Inside the Coronavirus
What scientists know about the inner workings of the pathogen that has infected the world
For all the mysteries that remain about the novel coronavirus and the COVID-19 disease it causes, scientists have generated an incredible amount of fine-grained knowledge in a surprisingly short time.
In the graphics that follow, Scientific American presents detailed explanations, current as of mid-June, into how SARS-CoV-2 sneaks inside human cells, makes copies of itself and bursts out to infiltrate many more cells, widening infection. We show how the immune system would normally attempt to neutralize virus particles and how CoV-2 can block that effort. We explain some of the virus's surprising abilities, such as its capacity to proofread new virus copies as they are being made to prevent mutations that could destroy them. And we show how drugs and vaccines might still be able to overcome the intruders. As virologists learn more, we will update these graphics on our Web site (www.scientificamerican.com).
For a static version of this content as it appears in the July 2020 issue of Scientific American, please click here.
A SARS-CoV-2 virus particle wafting into a person's nose or mouth is about 100 nanometers in diameter--visible only with an electron microscope. It is a near sphere of protein (cross section shown) inside a fatty membrane that protects a twisting strand of RNA--a molecule that holds the virus's genetic code. Proteins called "S" form spikes that extend from the surface and grab onto a human cell, hundreds of times larger, so the particle, or virion, can slip inside; the crown, or corona, appearance gives the virus its name. Structural proteins--N, M and E--move inside the cell, where they help new virions form.
- 1. The virus: The SARS-CoV-2 virus particle is a ball of proteins wrapped in a protective fatty coating.
- 2. RNA (red): This twisting strand of RNA is the blueprint the virus uses to replicate itself inside of you.
- 3. Entry spikes (Orange): The virus uses its spike-shaped S proteins, which stud the surface, to grab onto human cells.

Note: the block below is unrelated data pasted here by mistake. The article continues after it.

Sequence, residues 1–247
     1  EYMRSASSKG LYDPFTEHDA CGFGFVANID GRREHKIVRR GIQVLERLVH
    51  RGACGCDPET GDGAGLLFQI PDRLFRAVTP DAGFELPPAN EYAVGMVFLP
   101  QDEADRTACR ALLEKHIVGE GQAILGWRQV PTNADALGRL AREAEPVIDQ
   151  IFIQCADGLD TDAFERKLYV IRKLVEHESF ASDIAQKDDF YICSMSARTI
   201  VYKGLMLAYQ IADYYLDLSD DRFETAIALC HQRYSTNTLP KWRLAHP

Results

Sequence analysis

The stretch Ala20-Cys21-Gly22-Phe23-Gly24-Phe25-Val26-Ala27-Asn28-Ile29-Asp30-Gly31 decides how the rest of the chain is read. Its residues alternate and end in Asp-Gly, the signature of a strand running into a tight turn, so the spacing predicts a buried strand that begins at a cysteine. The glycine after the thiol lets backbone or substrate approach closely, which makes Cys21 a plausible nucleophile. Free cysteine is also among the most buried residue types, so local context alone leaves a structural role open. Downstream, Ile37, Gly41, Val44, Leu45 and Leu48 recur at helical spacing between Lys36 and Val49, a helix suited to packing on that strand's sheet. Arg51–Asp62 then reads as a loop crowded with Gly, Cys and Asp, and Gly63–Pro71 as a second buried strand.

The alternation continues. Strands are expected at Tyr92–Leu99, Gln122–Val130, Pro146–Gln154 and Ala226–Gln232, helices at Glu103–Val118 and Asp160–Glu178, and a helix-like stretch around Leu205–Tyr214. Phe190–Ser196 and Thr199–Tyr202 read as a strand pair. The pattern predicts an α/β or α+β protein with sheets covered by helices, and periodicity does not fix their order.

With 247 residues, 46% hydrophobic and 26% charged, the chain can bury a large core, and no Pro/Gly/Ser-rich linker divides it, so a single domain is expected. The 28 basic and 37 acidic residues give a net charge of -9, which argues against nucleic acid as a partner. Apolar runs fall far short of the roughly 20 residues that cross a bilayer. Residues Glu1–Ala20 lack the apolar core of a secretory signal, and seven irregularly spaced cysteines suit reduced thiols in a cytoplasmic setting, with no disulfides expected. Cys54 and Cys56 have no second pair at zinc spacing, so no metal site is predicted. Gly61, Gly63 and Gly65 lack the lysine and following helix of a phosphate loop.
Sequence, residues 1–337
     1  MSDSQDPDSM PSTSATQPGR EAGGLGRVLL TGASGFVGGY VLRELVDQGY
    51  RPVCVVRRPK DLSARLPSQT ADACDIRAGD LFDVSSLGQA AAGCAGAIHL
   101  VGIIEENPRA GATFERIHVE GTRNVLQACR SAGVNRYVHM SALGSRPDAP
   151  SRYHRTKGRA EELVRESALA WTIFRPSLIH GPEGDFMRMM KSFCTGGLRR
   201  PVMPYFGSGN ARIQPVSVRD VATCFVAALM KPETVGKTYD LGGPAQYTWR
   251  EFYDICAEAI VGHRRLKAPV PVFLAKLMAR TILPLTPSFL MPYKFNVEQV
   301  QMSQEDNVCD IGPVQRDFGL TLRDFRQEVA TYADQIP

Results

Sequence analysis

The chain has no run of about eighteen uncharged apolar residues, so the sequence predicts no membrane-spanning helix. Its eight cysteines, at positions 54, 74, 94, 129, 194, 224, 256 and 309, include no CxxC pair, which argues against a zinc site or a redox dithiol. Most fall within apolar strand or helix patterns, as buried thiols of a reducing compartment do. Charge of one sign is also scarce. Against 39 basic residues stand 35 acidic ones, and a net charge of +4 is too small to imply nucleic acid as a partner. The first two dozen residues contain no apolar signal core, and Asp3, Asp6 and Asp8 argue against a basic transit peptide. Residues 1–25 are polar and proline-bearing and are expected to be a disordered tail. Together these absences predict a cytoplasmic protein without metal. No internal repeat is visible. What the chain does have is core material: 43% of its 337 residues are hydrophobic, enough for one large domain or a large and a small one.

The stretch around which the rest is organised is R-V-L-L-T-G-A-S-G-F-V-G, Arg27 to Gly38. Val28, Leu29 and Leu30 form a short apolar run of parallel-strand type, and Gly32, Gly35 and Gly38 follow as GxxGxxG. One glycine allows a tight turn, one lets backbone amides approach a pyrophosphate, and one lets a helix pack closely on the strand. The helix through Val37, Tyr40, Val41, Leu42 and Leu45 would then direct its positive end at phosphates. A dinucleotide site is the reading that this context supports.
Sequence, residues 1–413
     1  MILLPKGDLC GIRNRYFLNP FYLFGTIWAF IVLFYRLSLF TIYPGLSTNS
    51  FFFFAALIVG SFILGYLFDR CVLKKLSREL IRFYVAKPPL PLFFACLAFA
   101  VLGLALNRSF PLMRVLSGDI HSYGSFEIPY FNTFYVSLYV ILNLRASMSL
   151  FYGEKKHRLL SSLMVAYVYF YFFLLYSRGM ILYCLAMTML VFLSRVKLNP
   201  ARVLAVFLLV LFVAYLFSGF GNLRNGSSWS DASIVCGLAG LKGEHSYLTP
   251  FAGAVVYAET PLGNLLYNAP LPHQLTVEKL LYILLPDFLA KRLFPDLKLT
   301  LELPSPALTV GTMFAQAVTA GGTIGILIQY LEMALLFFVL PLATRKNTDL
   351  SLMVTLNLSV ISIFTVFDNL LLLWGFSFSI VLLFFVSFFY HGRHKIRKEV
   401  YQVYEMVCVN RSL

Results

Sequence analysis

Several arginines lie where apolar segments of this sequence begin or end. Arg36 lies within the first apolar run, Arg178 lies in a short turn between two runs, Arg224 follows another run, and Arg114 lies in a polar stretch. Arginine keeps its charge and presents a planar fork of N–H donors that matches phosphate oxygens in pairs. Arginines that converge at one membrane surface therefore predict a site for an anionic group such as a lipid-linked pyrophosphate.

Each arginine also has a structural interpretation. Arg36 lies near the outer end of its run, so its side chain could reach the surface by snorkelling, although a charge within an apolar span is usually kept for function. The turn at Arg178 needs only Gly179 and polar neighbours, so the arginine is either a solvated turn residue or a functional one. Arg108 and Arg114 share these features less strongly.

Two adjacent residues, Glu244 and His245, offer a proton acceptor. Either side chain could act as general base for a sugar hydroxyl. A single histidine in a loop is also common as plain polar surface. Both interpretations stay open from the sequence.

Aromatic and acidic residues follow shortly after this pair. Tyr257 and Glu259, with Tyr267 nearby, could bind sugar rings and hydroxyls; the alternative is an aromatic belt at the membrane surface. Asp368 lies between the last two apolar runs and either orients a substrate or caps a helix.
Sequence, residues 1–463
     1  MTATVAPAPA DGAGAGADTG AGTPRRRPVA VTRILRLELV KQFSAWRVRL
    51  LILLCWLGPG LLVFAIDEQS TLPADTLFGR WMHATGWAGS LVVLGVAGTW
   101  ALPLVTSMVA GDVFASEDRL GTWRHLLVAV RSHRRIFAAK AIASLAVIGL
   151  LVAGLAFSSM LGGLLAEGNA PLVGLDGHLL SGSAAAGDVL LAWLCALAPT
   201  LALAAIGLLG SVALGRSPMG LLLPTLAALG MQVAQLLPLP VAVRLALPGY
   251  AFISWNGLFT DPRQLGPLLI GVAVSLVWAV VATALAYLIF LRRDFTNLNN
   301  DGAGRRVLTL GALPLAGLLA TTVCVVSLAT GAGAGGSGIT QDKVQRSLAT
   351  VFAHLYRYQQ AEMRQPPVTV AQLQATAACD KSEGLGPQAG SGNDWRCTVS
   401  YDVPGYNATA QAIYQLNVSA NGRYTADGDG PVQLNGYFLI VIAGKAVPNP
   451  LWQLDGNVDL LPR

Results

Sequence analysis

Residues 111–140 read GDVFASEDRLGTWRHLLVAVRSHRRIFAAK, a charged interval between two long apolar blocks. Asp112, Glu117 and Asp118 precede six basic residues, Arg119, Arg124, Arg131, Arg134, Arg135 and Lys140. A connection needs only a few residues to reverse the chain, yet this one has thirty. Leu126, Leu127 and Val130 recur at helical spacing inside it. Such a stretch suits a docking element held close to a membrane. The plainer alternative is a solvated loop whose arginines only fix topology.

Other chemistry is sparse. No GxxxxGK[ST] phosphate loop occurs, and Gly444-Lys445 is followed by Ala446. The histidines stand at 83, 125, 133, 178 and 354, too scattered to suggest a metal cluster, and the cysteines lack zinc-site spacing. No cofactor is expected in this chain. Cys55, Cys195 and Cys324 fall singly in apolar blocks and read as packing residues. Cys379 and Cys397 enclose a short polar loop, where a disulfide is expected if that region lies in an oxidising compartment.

- 4. Protective shell: This lipid bilayer protects the virus's genetic cargo as it travels inside the body.
- 5. N Protein (Blue): This protein helps keep the viral RNA stable.
- 6. E Protein (Yellow): This protein helps new virus particles form.
- 7. M Protein (Purple): This protein helps new virus particles form.
A SARS-CoV-2 particle enters a person's nose or mouth and floats in the airway until it brushes against a lung cell that has an ACE2 receptor on the surface. The virus binds to that cell, slips inside and uses the cell's machinery to help make copies of itself. They break out, leaving the cell for dead, and penetrate other cells.
Additional vesicles (that come from the endoplasmic reticulum and Golgi complex) assemble spike, M and E proteins.
Infected cells send out alarms to the immune system to try to neutralize or destroy the pathogens, but the viruses can prevent or intercept the signals, buying time to replicate widely before a person shows symptoms. When infection begins, the innate immune system tries to immediately protect lung cells. The adaptive immune system gears up for a greater response.
Tactic 1: The virus spike may camouflage itself with sugar molecules. They flex and swing, potentially blocking antibodies from attaching to the virus, neutralizing it.
Commercial and university labs are investigating well over 100 drugs to fight COVID-19, the disease the SARS-CoV-2 virus causes. Most drugs would not destroy the virus directly but would interfere with it enough to allow the body's immune system to clear the infection. Antiviral drugs generally stop a virus from attaching to a lung cell, prevent a virus from reproducing if it does invade a cell, or dampen an overreaction by the immune system, which can cause severe symptoms in infected people. Vaccines prepare the immune system to quickly and effectively fight a future infection.
The SARS-CoV-2 genome is a strand of RNA that is about 29,900 bases long--near the limit for RNA viruses. Influenza has about 13,500 bases, and the rhinoviruses that cause common colds have about 8,000. (A base is a pair of compounds that are the building blocks of RNA and DNA.) Because the genome is so large, many mutations could occur during replication that would cripple the virus, but SARS-CoV-2 can proofread and correct copies. This quality control is common in human cells and in DNA viruses but highly unusual in RNA viruses. The long genome also has accessory genes, not fully understood, some of which may help it fend off our immune system.
- Editor: Mark Fischetti
- Artist: Veronica Falconieri Hays
- Consultant: Britt Glaunsinger, molecular virologist, University of California, Berkeley, and Howard Hughes Medical Institute
- Graphics Editor: Jen Christiansen
- Animation and Motion Graphics: Jeffery DelViscio
- Design and Front-end Development: Jason Mischka
- Sources: Lorenzo Casalino, Zied Gaieb and Rommie Amaro, U.C. San Diego (spike model with glycosylations);
- "The Architecture of SARS-CoV-2 Transcriptome," by Dongwan Kim et al., in Cell, Vol 181, May 14, 2020 (genome)
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